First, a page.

So that’s the update, further pictures and developments will follow, I intend to machine the part needed to mount the triple trees today and with luck mount the triple trees today – in the event that I manage one or both I’ll likely update again in the next day or two.

The ordered bits arrived today for the Norton project

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This is some excellent stuff, some of it I’ve been looking for for a couple years while some is just the best solution to a two year problem.

So here for example are the proper pins to hold the footpeg brackets to the frame with their proper thin walled nuts on the ends, as well as the stud & spacer that mount somewhere below the timing side cover and hold that side’s footpeg bracket in place – I didn’t even know what that was going to look like – I just knew I didn’t have it.

Here are my beloved brake rod parts. My P11 came with a Triumph rear wheel and a funky cable operated brake lever. Cables are fine for the handlebars because there’s no good way to run a true linkage up to them, but for a rear brake? Cables fail, Rods don’t.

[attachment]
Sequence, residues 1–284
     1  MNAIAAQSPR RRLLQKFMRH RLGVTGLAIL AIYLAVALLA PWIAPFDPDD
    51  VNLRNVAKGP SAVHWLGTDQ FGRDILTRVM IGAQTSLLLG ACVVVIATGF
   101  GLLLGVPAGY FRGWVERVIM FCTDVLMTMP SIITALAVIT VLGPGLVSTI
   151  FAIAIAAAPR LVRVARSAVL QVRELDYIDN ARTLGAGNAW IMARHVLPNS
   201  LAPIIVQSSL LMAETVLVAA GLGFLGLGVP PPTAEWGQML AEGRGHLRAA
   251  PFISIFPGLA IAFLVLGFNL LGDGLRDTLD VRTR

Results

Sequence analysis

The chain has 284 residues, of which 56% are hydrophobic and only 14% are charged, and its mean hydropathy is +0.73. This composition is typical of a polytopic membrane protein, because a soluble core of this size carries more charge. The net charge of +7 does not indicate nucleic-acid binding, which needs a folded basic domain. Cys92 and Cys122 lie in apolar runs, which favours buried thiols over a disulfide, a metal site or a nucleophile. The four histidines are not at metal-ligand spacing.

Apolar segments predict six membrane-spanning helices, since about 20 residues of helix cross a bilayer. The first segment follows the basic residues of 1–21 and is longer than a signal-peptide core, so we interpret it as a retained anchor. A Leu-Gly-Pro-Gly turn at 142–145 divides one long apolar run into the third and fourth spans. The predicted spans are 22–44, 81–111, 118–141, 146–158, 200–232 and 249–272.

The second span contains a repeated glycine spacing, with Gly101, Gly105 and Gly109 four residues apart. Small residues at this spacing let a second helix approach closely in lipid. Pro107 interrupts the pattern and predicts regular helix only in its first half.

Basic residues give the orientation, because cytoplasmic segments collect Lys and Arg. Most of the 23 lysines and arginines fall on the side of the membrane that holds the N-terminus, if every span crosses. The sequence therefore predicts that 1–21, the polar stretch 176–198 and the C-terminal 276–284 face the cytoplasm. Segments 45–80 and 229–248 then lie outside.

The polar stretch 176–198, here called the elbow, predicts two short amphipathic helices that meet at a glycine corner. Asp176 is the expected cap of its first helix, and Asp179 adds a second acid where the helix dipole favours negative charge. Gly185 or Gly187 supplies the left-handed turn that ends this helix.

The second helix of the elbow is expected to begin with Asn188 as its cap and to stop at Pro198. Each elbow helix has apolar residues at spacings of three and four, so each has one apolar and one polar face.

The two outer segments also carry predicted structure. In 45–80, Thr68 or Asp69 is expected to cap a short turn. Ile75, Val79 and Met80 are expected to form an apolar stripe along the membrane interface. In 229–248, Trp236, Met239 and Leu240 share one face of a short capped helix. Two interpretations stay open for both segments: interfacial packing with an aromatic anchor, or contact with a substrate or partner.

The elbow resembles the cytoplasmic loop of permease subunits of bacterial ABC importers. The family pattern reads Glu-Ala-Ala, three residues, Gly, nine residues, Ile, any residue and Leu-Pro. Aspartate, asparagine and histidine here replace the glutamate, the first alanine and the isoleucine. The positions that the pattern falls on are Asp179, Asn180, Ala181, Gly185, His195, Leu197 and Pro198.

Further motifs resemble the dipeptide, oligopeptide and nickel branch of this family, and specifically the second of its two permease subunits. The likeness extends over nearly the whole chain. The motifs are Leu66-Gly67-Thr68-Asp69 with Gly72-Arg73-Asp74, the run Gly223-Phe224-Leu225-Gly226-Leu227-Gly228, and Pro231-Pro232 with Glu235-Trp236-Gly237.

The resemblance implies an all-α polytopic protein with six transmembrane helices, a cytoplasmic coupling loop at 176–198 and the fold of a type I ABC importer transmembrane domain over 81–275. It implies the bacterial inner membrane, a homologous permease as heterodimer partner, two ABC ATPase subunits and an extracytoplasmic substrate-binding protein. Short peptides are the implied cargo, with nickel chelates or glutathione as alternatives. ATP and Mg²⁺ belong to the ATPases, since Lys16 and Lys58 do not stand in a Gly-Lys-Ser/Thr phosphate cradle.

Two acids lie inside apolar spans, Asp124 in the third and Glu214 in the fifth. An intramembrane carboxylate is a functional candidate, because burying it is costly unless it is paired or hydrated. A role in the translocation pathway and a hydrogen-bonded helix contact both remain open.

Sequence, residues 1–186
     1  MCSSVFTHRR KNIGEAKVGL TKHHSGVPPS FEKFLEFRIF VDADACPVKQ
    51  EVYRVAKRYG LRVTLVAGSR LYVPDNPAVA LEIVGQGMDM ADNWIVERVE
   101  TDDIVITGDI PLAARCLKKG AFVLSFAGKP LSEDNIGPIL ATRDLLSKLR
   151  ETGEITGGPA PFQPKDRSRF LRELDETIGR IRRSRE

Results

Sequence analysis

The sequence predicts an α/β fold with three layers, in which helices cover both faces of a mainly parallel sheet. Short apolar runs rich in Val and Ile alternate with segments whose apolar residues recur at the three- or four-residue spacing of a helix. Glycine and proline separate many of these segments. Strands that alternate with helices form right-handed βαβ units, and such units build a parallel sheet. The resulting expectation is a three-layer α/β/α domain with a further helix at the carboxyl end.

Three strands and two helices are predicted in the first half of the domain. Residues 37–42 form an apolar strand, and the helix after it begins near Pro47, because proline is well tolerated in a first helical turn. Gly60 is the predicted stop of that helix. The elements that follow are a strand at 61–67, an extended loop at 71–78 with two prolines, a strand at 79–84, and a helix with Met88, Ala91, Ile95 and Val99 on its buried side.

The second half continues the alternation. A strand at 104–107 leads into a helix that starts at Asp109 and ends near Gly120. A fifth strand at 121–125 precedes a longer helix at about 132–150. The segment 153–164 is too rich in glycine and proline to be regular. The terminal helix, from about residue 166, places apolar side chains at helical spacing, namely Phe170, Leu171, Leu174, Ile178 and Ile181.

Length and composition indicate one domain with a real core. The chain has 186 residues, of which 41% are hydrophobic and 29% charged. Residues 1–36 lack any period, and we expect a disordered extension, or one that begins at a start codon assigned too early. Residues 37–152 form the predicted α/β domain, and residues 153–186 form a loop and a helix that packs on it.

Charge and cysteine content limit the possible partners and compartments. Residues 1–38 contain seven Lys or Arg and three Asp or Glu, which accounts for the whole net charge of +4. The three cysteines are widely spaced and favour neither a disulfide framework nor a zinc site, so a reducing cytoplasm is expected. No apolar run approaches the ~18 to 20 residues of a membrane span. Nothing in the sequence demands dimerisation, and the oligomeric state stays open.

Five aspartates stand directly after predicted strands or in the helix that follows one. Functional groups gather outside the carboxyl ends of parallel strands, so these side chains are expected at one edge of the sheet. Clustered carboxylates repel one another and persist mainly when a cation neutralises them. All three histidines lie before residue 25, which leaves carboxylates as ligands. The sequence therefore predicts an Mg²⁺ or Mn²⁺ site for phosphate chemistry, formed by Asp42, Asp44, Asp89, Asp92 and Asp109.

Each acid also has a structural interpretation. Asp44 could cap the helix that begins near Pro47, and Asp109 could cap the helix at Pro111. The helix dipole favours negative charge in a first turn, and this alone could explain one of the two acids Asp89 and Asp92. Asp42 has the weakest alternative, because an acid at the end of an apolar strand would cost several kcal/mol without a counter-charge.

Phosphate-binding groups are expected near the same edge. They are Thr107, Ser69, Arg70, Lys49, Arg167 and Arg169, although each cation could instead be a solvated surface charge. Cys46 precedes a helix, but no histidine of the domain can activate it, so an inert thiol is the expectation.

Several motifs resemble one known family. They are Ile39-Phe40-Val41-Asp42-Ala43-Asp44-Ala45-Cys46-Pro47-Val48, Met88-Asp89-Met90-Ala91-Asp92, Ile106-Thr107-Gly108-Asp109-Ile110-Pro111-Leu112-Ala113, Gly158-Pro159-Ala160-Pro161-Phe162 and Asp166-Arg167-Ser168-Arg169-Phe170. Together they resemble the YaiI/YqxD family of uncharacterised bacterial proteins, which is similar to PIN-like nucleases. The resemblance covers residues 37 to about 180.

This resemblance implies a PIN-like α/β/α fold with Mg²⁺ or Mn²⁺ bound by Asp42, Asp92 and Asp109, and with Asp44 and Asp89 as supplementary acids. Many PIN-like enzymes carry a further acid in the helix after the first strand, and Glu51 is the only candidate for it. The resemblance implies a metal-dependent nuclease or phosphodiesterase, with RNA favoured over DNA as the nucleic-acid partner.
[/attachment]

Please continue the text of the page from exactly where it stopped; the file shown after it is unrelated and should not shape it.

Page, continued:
I’m not unaware of the fact that I could have made all of those bits myself, but I’m not there yet, not for the sort of fit & finish – also just don’t have the strength yet for the little details. I’ve the strength to do some of the big stuff sometimes. As I write this I know there’s a friend who wants to come over the house today and do some mill work – and I want him to, but I can’t right now. I’m hoping that I’ll feel more solid later. So yeah, I have the ability to make some stuff that I don’t yet have the strength to make, so I’m buying a fair share of stuff I otherwise wouldn’t have to. Still, look at the fit & finish on that adjuster nut! Bloody beautiful!